Archive for February 4th, 2013

February 4, 2013

Despite increased education spending, surging pension costs only allow New York schools to ‘tread water’

by Grace

The 4.4% increase in school spending proposed by New York Governor Andrew Cuomo is not enough according to some education advocates.

Cuomo’s budget plan for the fiscal year that starts April 1 includes a 3 percent increase — about $610 million — in education aid plus $203 million to offset high pension contribution costs. An additional $75 million would go toward initiatives highlighted in his State of the State address.

Proposed funding barely allows schools to “tread water”.

“The year-to-year costs in education just to tread water are more than the amount of money in the proposed budget,” said Billy Easton, executive director of the labor-backed advocacy group Alliance for Quality Education. “If we actually want to improve the schools — that’s not even addressed here.”

Governor Cuomo argues that the 8.6% increase in education funding over the last two years has been double the inflation rate.

“That is double the rate of inflation,” Cuomo said in Tuesday’s address. “That is four or five times the increase in home values during the same period of time and it’s during a period of time where student enrollment has gone down.”

Schools across the state report that steep rises in pension costs more than cancel out any increases in proposed funding.

New Paltz Superintendent Maria Rice said teachers’ retirement costs alone at the Ulster County district are growing by about $900,000, so the $333,500 increase won’t come close.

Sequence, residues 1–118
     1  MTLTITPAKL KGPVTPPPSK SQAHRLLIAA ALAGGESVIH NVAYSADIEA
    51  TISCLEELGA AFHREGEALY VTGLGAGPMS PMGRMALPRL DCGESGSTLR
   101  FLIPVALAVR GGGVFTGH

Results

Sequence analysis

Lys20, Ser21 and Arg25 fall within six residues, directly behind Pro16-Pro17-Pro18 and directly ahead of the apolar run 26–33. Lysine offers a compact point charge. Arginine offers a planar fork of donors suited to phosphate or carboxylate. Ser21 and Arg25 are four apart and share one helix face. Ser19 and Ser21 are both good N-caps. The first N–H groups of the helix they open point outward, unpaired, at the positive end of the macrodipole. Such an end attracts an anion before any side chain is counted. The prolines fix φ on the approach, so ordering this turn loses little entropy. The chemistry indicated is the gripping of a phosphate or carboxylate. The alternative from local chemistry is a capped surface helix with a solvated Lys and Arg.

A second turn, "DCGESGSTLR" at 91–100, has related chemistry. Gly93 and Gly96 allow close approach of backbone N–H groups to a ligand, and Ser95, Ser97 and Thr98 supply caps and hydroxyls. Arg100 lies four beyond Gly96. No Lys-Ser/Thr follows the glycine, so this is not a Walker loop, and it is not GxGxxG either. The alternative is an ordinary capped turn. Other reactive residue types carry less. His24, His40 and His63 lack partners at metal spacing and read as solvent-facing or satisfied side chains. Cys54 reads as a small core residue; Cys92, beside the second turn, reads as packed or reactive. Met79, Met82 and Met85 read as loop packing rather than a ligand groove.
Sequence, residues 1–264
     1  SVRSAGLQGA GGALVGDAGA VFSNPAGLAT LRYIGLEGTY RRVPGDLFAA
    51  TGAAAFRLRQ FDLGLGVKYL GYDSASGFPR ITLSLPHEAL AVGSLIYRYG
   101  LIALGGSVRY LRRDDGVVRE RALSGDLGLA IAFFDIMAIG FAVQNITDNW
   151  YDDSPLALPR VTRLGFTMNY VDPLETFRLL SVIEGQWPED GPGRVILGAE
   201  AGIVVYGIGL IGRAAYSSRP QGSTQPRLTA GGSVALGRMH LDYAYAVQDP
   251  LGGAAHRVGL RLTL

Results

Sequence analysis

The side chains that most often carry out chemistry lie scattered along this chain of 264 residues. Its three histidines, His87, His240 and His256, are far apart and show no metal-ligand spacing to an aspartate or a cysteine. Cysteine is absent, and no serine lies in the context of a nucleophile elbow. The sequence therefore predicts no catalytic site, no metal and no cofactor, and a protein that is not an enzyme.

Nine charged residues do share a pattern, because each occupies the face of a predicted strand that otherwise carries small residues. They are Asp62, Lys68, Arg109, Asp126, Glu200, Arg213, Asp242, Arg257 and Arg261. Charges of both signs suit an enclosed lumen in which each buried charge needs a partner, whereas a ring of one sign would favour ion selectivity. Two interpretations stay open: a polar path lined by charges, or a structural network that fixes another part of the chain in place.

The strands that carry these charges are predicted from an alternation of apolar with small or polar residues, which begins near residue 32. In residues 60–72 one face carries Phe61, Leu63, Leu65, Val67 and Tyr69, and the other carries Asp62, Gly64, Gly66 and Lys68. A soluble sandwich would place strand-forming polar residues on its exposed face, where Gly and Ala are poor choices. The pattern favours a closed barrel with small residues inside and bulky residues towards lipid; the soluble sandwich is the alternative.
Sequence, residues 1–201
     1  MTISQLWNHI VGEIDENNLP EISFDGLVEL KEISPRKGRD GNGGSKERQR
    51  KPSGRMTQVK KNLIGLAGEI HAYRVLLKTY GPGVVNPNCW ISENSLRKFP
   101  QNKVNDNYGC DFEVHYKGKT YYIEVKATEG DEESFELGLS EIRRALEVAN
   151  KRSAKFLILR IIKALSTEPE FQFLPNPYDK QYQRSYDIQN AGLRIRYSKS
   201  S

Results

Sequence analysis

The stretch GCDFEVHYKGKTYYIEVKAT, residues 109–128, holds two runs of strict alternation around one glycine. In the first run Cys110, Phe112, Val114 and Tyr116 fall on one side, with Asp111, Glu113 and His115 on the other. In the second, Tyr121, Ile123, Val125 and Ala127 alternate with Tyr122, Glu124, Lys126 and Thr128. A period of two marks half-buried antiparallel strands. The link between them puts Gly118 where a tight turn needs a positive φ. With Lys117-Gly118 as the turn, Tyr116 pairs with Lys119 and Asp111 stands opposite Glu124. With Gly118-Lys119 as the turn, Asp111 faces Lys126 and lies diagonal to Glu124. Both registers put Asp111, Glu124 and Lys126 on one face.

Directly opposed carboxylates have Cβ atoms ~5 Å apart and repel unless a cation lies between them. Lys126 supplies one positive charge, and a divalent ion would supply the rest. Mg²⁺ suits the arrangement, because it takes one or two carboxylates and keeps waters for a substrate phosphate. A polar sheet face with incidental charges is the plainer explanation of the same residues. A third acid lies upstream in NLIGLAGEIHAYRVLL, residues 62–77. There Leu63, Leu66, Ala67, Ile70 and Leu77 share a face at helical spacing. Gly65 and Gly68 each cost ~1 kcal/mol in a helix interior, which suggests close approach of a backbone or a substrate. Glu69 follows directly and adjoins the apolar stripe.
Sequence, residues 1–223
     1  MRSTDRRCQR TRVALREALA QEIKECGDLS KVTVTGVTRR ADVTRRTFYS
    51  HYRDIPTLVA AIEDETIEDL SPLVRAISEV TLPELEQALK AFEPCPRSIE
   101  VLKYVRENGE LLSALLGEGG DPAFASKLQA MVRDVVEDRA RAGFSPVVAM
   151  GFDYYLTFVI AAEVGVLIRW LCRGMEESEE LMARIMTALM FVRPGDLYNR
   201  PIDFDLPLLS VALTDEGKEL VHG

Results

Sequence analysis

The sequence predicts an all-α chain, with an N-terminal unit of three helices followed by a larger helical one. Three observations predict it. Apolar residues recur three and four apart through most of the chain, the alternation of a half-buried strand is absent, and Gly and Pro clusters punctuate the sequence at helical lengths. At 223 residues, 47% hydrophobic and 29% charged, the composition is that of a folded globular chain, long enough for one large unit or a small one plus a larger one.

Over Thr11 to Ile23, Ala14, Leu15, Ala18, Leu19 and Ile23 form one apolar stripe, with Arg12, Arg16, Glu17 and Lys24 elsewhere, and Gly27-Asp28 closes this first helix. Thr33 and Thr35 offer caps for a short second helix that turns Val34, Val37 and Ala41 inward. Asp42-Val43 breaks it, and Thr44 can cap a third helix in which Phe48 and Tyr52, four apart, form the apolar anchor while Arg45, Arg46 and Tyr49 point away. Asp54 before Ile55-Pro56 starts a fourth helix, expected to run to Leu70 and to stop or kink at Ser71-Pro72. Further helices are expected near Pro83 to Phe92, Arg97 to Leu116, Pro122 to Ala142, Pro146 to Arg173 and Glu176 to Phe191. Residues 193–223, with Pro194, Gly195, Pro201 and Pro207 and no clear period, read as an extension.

The district would get about $12.4 million, a 2.8 percent increase from last year, when including building aid. The county’s average is 2 percent.

Based on the aid, Rice projects the district will have to cut between $800,000 and $1 million to balance the budget, which is “luckily” less than last year’s gap, she said.

The district cut its pre-K program and increased class sizes this year. Next year, she said she’ll debate whether to cut Advanced Placement courses or eliminate an elementary foreign language program which she said has been successful.

Some schools are considering taking advantage of a new “pension-financing plan”.

The pension stabilization option would give local governments and school districts a lower, more predictable employer contribution rate over a period of 25 years or more, rather than high bills now and presumably lower ones later.

Not everyone believes this new scheme will work, with some calling it a “threat to pension solvency”.

The state’s largest public union is right. Gov. Andrew Cuomo’s proposal to “smooth” pensions for local governments and school districts is “a bait-and-switch scheme … that will allow public employers to underfund their pension obligations,” as the Civil Service Employees Association described it last week.

Kicking the can down the road
Instead of providing real mandate relief to remedy the unsustainable rise in pension costs, the governor is promoting a quick fix that will temporarily hide the problem until a few years down the road when it will resurface.  This has become a typical scenario among our politicians.

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